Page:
I bought a young peach tree two years ago and planted it. The week after planting we had a windstorm and a nearby tree fell on it. The main stem appeared to be dead but the next year it had a couple branches start growing near the bottom. Some friends said it may be the root stock growing and not the peach tree. How can I tell?

  • A picture would help. Please edit to add a nice clear one so someone can see where the graft union is relative to the growth. In any case, you can bud a new peach on to the rootstock if it's only the rootstock that's alive.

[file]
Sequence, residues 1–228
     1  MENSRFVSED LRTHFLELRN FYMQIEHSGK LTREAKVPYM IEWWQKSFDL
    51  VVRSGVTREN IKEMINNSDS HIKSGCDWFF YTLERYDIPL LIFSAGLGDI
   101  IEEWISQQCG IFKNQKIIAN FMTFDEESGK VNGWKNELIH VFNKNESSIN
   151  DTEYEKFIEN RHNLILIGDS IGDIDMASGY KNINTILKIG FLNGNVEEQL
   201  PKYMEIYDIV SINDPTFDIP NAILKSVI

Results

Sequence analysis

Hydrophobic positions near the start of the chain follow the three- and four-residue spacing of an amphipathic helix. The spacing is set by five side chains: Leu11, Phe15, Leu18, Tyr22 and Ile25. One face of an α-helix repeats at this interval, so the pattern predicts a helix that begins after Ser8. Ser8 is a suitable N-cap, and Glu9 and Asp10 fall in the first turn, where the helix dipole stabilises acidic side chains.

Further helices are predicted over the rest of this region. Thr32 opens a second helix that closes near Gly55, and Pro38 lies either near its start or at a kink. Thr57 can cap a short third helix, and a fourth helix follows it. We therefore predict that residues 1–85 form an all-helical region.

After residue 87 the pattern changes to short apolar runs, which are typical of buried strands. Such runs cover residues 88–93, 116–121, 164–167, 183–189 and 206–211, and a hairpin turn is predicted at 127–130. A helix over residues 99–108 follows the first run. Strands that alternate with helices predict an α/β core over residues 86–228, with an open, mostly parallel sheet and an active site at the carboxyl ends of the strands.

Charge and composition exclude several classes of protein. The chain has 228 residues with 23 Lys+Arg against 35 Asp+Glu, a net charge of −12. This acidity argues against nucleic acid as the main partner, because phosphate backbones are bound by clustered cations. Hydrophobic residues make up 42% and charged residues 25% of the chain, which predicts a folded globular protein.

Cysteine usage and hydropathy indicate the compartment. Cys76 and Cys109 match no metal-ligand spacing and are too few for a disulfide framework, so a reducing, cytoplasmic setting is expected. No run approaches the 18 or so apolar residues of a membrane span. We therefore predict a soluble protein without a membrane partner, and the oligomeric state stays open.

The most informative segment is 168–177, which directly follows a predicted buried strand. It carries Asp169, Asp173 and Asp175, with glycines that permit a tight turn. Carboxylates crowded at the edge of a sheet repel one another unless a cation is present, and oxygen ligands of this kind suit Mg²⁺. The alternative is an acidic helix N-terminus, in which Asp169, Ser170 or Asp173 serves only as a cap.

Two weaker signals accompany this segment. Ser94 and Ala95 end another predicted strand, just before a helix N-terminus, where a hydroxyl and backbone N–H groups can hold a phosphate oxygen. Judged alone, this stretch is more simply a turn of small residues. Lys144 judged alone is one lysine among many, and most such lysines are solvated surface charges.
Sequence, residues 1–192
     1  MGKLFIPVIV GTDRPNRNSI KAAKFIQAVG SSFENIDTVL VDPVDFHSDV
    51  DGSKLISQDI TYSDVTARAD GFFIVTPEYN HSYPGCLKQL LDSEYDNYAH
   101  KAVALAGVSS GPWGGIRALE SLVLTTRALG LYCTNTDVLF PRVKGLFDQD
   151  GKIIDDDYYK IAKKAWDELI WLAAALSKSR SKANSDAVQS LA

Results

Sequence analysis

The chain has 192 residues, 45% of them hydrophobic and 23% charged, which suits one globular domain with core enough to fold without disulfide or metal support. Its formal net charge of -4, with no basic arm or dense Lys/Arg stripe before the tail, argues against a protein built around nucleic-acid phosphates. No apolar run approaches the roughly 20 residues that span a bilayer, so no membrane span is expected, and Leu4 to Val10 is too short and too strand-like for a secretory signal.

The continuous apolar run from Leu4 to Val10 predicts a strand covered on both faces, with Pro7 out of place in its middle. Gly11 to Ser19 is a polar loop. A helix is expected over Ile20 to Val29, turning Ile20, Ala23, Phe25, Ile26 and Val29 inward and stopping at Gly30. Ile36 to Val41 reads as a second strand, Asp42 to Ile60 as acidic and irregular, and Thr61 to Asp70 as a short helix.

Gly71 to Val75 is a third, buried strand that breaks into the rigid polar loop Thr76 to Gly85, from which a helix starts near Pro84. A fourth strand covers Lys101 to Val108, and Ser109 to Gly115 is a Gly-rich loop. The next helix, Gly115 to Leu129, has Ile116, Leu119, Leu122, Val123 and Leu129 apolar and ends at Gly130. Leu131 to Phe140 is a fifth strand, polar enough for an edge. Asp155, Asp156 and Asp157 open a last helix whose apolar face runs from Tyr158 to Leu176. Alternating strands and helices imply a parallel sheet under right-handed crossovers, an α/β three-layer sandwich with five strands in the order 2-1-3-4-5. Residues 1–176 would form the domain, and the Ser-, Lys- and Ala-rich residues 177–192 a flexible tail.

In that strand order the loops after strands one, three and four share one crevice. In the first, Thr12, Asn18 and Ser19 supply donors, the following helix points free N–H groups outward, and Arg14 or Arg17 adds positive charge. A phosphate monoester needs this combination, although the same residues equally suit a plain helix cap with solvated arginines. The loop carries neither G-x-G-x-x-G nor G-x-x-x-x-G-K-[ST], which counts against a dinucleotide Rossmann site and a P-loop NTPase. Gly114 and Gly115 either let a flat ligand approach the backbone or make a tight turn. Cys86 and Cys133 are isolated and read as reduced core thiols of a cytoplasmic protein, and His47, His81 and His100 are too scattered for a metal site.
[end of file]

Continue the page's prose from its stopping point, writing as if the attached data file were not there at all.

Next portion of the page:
– Ecnerwal
    Apr 23, 2022 at 14:48

1 Answer 1


The graft union is usually an area at the bottom or near the bottom of the trunk that is wider than the trunk above and below it; sometimes you can see a flattened portion of trunk (where the rootstock was cut off from the roots) on one side of it. It's also possible that the union graft is obscured by mulch or is underground if the tree was planted low. As another poster has asked, a photo of this join would be very useful. If you can identify the graft union, then any growth coming from the trunk above it is your peach tree, while anything below it is the rootstock, which will not set good fruit.

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